Remembering John Ward: Ten years since “Give Him Six!”
Regardless of how things turn out for the Tennessee Volunteers this fall, the 2009 season represents so very many milestonesâ€”it really isnâ€™t even worth the trouble to try and count them all.Â There has been so much change lately and so very many new looks and faces that everything seems as if it is in flux.Â Some feel this near c-change is long overdue, others decry it as a loss of tradition, others still reserve judgments and simply point to the inevitable movement of the hands of time.Â Still, no matter how great the changes may be, the echoes of years gone by still ring in the air around Neyland Stadium.Â Thankfully, this will never change.
In addition to all of the â€śobviousâ€ť landmark events that have or will occur as part of the 2009 football season, there is one more that may go unnoticed by many.Â Though it hardly seems possible, the 2009 season marks Bob Keslingâ€™s tenth year as the â€śVoice of the Vols.â€ť Since the kickoff of the 1999 football opener against the Wyoming Cowboys, Kesling along with color-commentator Tim Priest, and sideline reporter Mike Stowell (who succeeded Jeff Francis in 2007), have brought the sounds of Big Orange football into our homes via the â€śStatewide Stadiumâ€ť that is the Vol Network.
As have I pointed out in previous posts, since I was a child, I have always been a dedicated fan of live sports radio broadcasts.Â I learned at an early age that television broadcasters, no matter how good they may be, simply cannot match the style, flair, color, or excitement that a gifted radio sportscaster can bring to a game.Â There are few on television that come closeâ€”Ron Franklin and Mike Gottfried being pretty much the bestâ€”but even they cannot quite stay in step with the great radio broadcasters of the game.Â Of course, for every Franklin and Gottfried, there are a bevy of lackluster talking suits which do little more than get in the way of the game rather than actually improving your understanding of what is taking place.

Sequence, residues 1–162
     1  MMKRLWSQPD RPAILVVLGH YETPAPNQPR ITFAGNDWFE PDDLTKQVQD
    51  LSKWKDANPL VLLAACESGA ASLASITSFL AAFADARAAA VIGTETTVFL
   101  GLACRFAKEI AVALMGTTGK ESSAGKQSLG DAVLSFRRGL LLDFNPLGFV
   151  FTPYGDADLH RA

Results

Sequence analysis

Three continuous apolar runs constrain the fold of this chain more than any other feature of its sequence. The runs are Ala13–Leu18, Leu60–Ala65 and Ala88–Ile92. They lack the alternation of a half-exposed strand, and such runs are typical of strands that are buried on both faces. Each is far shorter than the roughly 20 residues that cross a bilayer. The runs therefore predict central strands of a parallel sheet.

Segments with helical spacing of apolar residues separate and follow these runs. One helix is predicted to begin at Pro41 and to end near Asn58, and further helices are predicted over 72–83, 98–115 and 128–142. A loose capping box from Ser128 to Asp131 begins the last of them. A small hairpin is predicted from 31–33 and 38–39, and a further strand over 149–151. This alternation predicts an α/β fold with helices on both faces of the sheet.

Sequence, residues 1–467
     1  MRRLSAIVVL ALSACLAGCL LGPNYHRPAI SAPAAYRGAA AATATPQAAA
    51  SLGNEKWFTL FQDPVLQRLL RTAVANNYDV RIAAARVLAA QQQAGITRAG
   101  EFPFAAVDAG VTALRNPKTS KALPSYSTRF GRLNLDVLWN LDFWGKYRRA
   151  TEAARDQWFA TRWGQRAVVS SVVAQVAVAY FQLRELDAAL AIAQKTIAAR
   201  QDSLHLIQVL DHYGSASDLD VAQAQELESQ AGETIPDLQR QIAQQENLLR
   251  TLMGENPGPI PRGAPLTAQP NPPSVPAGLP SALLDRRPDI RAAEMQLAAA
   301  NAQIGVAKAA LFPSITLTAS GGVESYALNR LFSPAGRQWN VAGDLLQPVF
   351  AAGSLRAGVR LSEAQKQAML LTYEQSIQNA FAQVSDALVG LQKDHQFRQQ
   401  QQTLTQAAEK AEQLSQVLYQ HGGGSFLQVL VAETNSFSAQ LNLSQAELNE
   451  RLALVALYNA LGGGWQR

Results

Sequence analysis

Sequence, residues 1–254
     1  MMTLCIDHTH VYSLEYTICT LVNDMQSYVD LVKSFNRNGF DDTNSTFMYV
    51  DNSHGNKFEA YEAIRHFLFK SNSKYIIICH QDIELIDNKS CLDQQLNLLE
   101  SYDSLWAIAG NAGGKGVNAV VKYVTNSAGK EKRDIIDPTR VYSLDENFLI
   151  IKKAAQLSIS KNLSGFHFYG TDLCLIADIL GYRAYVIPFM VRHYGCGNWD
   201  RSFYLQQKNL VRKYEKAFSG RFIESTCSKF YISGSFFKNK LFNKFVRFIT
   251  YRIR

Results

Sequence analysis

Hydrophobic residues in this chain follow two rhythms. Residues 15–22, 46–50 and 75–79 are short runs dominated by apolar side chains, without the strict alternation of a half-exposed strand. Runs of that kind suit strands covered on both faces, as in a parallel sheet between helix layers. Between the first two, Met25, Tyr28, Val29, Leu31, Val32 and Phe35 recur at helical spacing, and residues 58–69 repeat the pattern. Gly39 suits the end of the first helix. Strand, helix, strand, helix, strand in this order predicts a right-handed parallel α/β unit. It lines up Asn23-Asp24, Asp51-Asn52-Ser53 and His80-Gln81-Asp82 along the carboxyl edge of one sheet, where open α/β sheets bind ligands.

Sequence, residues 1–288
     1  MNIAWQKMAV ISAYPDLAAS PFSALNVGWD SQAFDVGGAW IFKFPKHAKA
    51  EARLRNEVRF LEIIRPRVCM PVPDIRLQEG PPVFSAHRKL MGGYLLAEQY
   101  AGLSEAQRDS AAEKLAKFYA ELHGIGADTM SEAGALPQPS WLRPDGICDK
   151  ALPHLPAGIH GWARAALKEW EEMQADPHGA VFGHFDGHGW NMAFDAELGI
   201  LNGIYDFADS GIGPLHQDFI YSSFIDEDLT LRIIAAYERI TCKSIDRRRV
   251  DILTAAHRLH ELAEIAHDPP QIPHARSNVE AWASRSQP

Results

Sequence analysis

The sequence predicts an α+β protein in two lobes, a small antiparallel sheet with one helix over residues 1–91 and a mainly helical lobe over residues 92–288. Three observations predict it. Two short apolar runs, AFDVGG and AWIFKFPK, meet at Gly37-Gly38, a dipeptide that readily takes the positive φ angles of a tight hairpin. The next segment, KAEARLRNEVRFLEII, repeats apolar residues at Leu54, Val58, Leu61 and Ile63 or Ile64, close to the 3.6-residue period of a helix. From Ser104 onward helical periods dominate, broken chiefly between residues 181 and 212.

Thus is the curse of televisionâ€¦
It is one thing to verbally recount what viewers just saw on their screen; it is an entirely different thing to narrateâ€”paint a word pictureâ€”that which listeners depend on the broadcaster to pluck from the ether and make real.Â It is remarkably easy to be sloppy and boring when broadcasting a game on televisionâ€”the images speak for themselves.Â With radio, however, the broadcaster creates those images and the world in which they exist.
That is why I will always be a fan of radio play-by-play broadcastersâ€¦
Thus, for the past ten years, we in Orange Nation have depended upon Bob Kesling to paint those pictures and to create those imagesâ€”he has been the one to guide us through every play of every game.Â On the whole, I have to say that Kesling has done a good job.Â While I will be the first to admit that Keslingâ€™s early broadcasts seemed to me a bit â€śsterileâ€ť and deadpan, over the past decade he and his gameday cohorts have steadily improved and I think they do a fine job of broadcasting Tennessee Football.Â Suffice it to say that I listen each week, even if the game is on television or even if I am in Section Y7 watching it for myself.